I was doing some research on Canada’s climate targets recently, and came across this chart, presented as part of Canada’s Intended Nationally Determined Contribution (INDC) under the Paris Agreement:
Looks good right? Certainly it conveys a message that Canada’s well on track, and that the target for 2030 is ambitious (compared to a business as usual pathway). Climate change solved, eh?
But the chart is an epic example of misdirection. Here’s another chart that pulls the same trick, this time from the Government’s Climate Change website, and apparently designed to make the 2030 target look bravely ambitious:
So I downloaded the data and produced my own chart, with a little more perspective added. I wanted to address several ways in which the above charts represent propaganda, rather than evidence:
- By cutting off the Y axis at 500 Mt, the chart hides the real long-term evidence-based goal for climate policy: zero emissions;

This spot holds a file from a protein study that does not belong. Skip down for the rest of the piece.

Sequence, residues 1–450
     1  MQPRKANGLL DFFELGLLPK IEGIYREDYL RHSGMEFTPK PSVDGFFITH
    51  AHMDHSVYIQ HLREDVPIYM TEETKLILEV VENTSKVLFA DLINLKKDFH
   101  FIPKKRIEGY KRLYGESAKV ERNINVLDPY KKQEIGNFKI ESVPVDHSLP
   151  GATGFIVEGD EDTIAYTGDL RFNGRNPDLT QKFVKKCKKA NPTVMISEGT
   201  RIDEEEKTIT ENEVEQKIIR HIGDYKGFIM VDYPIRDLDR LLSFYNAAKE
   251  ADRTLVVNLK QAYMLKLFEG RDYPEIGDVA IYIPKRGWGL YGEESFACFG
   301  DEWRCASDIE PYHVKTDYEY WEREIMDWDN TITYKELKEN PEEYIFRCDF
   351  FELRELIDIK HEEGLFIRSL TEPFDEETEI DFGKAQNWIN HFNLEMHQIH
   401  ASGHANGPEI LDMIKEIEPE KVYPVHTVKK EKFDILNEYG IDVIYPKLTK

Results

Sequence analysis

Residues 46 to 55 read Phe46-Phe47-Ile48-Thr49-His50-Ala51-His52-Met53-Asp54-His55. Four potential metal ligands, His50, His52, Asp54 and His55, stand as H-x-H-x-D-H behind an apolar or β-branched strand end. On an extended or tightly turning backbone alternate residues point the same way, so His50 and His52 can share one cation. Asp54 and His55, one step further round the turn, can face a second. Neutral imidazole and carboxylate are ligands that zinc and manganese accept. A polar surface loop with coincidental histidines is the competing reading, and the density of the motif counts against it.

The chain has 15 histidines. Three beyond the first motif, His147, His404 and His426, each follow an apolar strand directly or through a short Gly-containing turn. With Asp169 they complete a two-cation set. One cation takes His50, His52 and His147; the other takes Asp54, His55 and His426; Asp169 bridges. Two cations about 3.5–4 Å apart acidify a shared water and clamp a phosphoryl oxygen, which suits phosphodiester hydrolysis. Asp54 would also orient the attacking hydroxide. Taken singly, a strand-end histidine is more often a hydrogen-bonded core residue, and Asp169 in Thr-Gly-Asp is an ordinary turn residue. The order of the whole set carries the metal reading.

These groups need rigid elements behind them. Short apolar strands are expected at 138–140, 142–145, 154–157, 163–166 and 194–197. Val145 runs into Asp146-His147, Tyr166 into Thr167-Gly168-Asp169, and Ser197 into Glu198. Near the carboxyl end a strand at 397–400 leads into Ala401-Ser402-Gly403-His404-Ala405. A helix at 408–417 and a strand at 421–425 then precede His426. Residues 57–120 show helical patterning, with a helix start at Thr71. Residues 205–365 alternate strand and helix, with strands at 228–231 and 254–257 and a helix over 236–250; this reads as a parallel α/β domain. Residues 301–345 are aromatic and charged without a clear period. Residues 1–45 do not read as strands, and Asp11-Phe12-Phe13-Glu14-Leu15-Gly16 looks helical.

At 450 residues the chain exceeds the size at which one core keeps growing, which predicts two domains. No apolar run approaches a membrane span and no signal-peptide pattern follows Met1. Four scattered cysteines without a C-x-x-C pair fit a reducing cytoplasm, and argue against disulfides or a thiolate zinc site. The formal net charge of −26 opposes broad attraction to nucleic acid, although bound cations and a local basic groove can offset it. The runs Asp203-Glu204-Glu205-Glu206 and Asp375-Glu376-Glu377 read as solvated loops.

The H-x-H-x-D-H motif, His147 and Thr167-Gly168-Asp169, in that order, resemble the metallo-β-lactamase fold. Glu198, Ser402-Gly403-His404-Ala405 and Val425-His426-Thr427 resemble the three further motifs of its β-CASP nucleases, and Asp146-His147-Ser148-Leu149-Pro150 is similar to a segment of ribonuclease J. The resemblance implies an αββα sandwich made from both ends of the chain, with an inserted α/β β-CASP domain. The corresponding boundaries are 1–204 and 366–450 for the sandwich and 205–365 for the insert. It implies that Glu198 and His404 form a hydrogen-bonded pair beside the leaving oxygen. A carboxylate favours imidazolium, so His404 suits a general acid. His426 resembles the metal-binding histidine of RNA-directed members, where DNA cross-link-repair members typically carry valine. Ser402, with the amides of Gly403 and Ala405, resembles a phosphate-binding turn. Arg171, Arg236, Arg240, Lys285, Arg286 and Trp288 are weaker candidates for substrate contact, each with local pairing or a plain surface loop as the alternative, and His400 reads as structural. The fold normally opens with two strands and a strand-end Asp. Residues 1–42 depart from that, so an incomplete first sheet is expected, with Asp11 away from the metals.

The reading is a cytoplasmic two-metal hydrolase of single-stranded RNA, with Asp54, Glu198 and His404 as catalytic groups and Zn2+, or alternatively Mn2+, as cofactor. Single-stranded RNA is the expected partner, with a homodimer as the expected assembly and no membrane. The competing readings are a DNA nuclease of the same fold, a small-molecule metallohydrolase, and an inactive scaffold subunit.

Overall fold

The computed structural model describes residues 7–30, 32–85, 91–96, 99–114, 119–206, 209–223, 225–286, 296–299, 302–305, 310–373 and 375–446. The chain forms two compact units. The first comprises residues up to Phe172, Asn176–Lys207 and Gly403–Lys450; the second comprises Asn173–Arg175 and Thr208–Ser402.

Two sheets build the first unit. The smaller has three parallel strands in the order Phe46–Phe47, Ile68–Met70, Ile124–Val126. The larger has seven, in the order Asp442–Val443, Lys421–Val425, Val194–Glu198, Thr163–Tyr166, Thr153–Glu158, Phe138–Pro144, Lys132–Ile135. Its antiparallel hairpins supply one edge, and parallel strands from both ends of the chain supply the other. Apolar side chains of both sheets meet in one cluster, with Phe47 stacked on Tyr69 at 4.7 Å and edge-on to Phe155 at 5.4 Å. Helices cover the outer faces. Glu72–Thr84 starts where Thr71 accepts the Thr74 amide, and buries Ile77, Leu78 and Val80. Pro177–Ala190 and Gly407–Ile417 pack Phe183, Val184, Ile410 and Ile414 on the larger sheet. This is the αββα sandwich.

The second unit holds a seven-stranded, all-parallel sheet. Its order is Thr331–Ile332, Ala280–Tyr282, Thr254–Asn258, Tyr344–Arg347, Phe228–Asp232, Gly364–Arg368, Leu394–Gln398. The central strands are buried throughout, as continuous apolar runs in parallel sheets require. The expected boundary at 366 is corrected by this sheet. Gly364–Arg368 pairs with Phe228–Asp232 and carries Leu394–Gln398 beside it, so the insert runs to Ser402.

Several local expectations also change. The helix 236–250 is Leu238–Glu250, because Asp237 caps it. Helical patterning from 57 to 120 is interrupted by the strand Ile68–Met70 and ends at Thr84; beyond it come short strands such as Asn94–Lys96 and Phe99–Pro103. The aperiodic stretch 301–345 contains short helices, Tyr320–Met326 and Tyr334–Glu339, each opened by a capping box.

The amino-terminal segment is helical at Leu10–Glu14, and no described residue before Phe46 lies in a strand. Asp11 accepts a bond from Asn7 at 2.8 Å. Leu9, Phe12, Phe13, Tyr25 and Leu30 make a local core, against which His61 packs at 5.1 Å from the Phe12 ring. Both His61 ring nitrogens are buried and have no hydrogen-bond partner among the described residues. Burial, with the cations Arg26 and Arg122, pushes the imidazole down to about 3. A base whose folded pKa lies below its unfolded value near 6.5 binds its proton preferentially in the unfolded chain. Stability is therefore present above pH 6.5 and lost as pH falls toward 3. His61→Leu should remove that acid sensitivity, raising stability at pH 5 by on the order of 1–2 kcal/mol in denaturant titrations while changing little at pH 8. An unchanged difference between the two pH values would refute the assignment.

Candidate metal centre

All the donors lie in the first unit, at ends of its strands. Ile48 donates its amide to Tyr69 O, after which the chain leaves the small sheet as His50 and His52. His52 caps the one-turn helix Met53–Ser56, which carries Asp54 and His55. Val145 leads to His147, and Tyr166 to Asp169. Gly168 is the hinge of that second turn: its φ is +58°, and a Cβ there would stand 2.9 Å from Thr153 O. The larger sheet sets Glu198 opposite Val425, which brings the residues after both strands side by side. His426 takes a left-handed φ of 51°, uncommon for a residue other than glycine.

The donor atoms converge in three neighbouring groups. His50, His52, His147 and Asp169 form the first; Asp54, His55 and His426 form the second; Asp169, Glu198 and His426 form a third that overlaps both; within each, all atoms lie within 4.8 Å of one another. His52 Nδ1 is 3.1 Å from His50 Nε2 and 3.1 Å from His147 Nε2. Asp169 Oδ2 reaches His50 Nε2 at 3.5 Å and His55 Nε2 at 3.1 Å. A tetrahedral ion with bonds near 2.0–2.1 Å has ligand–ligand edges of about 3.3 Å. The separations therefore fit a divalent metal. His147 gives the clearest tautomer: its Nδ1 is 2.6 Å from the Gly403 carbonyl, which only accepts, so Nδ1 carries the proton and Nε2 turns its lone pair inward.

- Canada has consistently failed to meet any of it’s climate targets in the past, while the chart seems to imply we’re doing rather well;
- The chart conflates two different measures. The curves showing actual emissions exclude net removal from forestry (officially known as Land Use, Land Use Change, and Forestry LULUCF), while Canada fully intends to include this in its accounting for achieving the 2030 target. So if you plot the target on the same chart with emissions, honesty dictates you should adjust the target accordingly.
Here’s my “full perspective” chart. Note that the first target shown here in grey was once Liberal party policy in the early 1990s; the remainder were official federal government targets. Each is linked to the year they were first proposed. The “fair effort” for Canada comes from ClimateActionTracker’s analysis:
The correct long term target for carbon emissions is, of course zero. Every tonne of CO2 emitted makes the problem worse, and there’s no magic fairy that removes these greenhouse gases from the atmosphere once we’ve emitted them. So until we get to zero emissions, we’re making the problem worse, and the planet keeps warming. Worse still, the only plausible pathways to keep us below the UN’s upper limit of 2°C of warming requires us to do even better than this: we have to go carbon negative before the end of the century.
Misleading charts from the government of Canada won’t help us get on the right track.